Global flu infections hit record lows amid pandemic
Public health officials and experts watching the dark cloud of the coronavirus pandemic have picked out the tiniest of silver linings: This year’s influenza transmission appears to be one of the lowest in recorded history.
Experts said it is too early to draw conclusions about what the winter months might bring as colder weather descends on the Northern Hemisphere. But data from the Southern Hemisphere suggests the worst-case scenario — a wave of influenza piling onto health care systems already stressed by a surge of coronavirus cases — might not come to pass.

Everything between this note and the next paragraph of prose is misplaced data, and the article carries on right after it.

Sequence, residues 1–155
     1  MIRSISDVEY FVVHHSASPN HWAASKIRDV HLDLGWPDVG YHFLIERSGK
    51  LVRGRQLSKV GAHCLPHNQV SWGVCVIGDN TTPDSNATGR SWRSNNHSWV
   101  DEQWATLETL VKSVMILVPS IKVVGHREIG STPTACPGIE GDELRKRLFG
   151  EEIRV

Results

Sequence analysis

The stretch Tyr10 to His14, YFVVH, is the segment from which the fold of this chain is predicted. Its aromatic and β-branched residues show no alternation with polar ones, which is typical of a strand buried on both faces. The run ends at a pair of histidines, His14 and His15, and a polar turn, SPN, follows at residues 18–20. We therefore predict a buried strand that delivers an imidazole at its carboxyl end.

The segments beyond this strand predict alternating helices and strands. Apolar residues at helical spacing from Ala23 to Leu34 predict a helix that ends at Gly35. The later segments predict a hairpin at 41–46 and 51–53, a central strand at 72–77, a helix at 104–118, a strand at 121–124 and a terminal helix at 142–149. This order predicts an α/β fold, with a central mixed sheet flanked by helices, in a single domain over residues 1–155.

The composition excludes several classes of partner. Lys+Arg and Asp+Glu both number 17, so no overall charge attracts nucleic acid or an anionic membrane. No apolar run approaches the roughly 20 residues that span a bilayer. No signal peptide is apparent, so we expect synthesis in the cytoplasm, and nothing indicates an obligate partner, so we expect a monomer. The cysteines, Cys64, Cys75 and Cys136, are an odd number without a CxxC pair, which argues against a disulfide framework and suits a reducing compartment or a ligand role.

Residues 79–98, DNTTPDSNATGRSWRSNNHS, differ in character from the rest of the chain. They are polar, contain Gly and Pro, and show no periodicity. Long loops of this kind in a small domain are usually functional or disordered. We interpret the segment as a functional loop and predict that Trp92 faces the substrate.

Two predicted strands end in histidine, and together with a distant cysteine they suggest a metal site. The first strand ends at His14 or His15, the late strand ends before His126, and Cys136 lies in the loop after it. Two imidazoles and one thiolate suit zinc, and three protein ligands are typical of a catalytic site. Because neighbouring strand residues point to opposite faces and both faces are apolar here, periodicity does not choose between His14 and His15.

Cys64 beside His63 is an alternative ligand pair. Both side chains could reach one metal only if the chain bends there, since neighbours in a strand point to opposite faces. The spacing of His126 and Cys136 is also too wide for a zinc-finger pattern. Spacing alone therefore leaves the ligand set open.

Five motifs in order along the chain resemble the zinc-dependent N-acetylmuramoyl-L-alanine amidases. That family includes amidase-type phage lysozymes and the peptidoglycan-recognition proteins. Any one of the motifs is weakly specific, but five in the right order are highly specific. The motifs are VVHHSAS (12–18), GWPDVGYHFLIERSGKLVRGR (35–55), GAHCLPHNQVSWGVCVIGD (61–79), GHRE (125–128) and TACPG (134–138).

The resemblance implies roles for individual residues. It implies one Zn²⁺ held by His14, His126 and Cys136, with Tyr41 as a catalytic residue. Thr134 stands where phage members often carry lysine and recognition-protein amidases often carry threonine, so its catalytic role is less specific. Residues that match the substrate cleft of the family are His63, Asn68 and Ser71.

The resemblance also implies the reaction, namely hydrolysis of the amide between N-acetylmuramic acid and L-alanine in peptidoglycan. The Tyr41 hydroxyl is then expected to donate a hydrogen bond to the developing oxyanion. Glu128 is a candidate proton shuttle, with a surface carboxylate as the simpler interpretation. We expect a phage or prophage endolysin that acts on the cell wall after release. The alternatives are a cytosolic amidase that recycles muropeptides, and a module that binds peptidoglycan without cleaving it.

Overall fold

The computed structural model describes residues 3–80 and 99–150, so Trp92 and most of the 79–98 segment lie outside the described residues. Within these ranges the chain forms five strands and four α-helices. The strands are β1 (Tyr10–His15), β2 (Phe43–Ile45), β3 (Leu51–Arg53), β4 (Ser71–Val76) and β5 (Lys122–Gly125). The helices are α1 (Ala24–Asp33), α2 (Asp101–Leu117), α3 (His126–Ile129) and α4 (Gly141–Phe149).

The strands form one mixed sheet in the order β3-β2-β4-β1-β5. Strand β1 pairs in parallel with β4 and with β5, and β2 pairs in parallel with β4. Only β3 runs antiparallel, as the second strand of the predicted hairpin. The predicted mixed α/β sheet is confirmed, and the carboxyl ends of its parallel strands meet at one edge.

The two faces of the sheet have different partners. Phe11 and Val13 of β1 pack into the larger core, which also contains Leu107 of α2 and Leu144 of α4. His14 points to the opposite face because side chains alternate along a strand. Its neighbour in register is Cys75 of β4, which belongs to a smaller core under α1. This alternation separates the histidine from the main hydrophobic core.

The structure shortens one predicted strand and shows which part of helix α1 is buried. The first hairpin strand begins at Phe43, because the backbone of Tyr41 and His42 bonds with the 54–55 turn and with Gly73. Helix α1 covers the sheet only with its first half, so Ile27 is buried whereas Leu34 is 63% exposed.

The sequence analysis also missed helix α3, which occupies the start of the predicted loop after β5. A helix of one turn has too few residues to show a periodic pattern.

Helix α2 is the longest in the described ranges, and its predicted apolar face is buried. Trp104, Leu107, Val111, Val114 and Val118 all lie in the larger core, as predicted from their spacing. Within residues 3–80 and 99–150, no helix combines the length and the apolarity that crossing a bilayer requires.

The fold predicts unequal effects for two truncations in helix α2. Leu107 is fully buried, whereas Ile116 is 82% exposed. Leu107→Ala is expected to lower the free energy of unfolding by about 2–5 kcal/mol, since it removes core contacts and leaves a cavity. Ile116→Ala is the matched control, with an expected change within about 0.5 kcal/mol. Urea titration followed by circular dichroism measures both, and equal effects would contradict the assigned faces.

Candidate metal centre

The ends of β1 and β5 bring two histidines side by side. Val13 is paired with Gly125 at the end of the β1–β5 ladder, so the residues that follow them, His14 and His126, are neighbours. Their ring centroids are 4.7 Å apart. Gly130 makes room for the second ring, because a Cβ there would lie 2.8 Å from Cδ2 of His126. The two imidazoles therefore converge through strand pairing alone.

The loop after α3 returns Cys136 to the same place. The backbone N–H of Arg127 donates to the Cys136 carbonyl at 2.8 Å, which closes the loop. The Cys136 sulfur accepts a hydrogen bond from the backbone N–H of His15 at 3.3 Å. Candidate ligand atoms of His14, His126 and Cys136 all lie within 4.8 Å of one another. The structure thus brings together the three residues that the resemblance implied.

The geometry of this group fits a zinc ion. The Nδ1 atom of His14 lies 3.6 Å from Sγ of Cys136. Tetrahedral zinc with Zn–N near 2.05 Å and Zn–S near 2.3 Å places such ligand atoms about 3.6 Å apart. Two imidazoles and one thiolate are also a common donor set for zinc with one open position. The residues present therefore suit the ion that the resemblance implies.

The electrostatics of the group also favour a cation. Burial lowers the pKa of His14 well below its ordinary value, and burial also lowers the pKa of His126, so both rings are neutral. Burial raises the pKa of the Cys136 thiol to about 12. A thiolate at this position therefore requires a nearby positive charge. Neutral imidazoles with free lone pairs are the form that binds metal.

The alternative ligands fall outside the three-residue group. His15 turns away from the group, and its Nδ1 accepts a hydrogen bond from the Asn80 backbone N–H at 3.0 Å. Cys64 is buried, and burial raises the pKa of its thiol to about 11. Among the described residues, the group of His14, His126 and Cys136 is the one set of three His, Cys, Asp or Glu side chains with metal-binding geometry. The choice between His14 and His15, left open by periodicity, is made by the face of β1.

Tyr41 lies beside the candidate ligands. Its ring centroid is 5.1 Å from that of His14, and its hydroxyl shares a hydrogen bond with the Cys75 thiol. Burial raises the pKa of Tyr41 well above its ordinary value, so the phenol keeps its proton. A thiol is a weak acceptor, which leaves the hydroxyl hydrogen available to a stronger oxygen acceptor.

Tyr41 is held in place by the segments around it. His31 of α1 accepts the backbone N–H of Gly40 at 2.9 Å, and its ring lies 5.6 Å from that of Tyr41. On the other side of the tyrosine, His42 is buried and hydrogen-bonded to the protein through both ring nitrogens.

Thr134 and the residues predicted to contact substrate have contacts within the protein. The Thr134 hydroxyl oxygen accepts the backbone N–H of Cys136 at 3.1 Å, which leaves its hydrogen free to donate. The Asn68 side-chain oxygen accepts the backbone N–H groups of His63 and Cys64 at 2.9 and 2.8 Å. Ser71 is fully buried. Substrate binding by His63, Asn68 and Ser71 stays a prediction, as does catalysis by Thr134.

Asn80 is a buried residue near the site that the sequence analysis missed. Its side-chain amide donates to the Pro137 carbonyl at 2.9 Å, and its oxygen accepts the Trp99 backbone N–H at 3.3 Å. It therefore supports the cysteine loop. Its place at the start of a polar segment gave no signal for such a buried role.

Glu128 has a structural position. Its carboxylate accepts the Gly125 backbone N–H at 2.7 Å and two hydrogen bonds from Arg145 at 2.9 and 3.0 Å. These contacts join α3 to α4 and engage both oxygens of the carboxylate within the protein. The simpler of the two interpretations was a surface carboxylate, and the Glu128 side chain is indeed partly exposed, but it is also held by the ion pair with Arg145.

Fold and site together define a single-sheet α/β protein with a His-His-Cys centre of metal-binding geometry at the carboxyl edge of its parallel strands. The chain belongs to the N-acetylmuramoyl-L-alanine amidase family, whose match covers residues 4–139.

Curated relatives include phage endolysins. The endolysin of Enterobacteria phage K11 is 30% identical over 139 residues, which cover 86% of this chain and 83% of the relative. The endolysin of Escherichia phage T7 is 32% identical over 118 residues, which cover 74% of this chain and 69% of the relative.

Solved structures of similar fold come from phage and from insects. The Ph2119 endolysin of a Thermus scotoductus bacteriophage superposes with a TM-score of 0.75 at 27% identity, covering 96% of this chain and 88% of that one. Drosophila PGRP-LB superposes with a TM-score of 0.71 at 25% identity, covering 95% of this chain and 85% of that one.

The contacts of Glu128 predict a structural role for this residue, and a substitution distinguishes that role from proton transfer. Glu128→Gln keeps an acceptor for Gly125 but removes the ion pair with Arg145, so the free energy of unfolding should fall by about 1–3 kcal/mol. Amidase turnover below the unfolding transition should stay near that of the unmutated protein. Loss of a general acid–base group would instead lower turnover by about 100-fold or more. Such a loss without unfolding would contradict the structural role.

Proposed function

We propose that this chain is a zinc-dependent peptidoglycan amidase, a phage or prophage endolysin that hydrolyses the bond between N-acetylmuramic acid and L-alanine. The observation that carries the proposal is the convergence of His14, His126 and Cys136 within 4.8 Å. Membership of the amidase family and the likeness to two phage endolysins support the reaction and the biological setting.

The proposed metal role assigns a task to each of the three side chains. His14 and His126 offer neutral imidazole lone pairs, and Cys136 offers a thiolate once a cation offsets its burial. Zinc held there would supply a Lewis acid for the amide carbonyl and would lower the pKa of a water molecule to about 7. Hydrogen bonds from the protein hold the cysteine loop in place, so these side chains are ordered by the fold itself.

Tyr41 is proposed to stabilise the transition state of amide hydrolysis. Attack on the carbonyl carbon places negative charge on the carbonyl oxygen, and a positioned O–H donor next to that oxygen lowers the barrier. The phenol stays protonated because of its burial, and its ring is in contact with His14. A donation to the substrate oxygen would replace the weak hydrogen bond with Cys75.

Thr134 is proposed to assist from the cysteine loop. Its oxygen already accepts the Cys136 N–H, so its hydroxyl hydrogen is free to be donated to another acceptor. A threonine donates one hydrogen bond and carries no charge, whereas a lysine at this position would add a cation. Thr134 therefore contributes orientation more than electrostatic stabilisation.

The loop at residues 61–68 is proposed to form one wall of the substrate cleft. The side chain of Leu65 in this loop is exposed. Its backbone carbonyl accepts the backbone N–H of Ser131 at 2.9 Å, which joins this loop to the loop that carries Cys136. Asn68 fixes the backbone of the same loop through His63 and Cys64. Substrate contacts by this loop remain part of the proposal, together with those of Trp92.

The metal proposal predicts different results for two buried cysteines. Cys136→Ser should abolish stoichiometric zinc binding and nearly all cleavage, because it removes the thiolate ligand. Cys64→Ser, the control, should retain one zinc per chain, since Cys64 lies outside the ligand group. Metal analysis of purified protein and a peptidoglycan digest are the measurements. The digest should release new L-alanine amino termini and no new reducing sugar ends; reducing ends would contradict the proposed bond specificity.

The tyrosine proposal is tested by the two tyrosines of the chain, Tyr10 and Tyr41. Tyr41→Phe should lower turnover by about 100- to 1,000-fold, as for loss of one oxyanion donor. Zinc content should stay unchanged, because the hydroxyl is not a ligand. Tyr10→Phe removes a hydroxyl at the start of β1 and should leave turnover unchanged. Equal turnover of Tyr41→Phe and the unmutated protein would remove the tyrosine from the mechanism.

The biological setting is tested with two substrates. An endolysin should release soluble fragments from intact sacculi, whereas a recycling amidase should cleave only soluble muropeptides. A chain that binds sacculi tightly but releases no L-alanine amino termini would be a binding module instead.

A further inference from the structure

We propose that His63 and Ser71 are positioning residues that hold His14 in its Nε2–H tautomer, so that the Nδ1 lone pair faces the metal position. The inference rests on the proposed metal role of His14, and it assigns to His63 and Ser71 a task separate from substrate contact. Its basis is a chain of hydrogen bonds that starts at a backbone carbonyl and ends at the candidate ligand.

“They had amazingly low transmission rates,” Christine Petersen, an epidemiologist who studies influenza at the University of Iowa, said of the Southern Hemisphere. “There was no decent levels of transmission anywhere, except for Southeast Asia.”
Data collected by the World Health Organization show remarkably low levels of influenza-like illnesses this year, compared to years past. In March — typically the height of influenza season in the Southern Hemisphere — about 36 of every 1,000 outpatients showed a flu-like illness. In the spring of 2017, the most recent year of significant spread, that number was north of 200 per every 1,000 patients.